Distillers can specify the degree of peating they want in their malt. This is measured in parts per million (ppm) phenols. A measurement of one ppm means that there is one milligram of phenol per kilogram of malt (.000016 ounces per pound of malt). Generally speaking, concentrations of less than five ppm are virtually undetectable for most drinkers.

Lightly-peated malt measures two to ten ppm. Medium-peated malt will range around 15 ppm. Heavily-peated malt will range between 25 and 55 ppm. Super-heavy-peated malts range from 55 ppm and up. As distillers compete to create ever more powerful “peat monsters,” a new category of ultra-heavy-peated malts will soon be needed. Phenol levels are measured after the malt has been dried in the kiln. Typically, between a third to a half of the phenol concentration is lost in the distillation process.

Kilning is the point in the production process when, if desired, “peat reek” can be introduced to the drying malt. The malt must have a high moisture content to absorb the peat smoke, so peat reek has to be introduced at the beginning of the drying cycle. The amount of peatiness introduced into the drying malt is a result of the amount of smoke created, the temperature of the smoke, the variety of peat used and the length of time that the malt is exposed to it.

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At Laphroaig or Bowmore, for example, the malt is exposed to peat smoke for about 18 hours. By comparison, at Glengoyne, no peat smoke is used.

Wetting down the peat with water can control the amount of smoke and its temperature while it combusts. How the peat is introduced into the kiln also has a bearing on how much smoke is produced.

Bowmore distillery, for example, is one of only seven distilleries to still use traditional floor malting; a peat furnace below the kiln floor is used to provide peat reek. A combination of peat briquettes and coarsely-ground peat create heat to dry the malt and produce copious quantities of smoke. This is the traditional Islay manner in which green malt is dried before the arrival of modern fuels. At commercial maltings, on the other hand, peat smoke is piped directly into the malting drum. No peat smoke is allowed to escape through the chimney.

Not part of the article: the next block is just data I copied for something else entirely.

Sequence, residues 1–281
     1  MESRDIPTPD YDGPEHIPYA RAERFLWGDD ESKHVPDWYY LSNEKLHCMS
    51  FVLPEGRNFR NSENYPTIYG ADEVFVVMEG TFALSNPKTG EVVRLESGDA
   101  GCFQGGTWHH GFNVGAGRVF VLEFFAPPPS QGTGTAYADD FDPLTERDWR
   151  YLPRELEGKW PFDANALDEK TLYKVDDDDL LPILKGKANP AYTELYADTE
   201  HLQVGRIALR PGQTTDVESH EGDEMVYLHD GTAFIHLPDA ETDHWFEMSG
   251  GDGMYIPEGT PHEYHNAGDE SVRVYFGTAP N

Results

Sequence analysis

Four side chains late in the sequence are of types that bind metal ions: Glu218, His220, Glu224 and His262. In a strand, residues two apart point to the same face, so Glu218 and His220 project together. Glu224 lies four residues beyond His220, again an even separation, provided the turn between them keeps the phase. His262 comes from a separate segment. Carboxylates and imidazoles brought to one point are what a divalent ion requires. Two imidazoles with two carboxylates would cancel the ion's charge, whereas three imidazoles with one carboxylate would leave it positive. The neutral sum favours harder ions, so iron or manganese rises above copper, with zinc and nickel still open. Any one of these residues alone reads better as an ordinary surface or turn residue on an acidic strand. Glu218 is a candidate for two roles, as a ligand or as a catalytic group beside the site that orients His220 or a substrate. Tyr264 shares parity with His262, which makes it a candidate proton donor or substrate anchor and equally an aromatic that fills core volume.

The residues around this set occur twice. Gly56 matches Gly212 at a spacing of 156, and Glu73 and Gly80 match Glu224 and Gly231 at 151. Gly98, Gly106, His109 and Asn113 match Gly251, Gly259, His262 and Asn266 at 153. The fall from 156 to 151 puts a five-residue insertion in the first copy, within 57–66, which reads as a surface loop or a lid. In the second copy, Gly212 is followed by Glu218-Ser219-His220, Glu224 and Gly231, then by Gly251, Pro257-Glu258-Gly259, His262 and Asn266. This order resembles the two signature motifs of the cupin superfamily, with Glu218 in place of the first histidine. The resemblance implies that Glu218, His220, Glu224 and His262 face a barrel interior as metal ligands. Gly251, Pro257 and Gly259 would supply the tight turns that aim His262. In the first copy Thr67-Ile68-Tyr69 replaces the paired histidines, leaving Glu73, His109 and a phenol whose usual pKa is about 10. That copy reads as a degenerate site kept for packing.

Both the type of peat and how it’s used in the kiln can play essential roles in creating the distinctive character of a Scotch whisky. The source of a distillery’s peat is inseparable from the final aroma and taste profile of its whisky, which is why a distillery rarely changes the source of its peat.

In Scotland, peat and whisky make a perfect match.

Joseph V. Micallef is an historian, best-selling author, keynote speaker and commentator on wine and spirits. Joe holds the Diploma in Wine and Spirits and the Professional Certificate in Spirits from the Wine and Spirits Education Trust (London). Bottoms Up is included in Troy Media’s Unlimited Access subscription plan.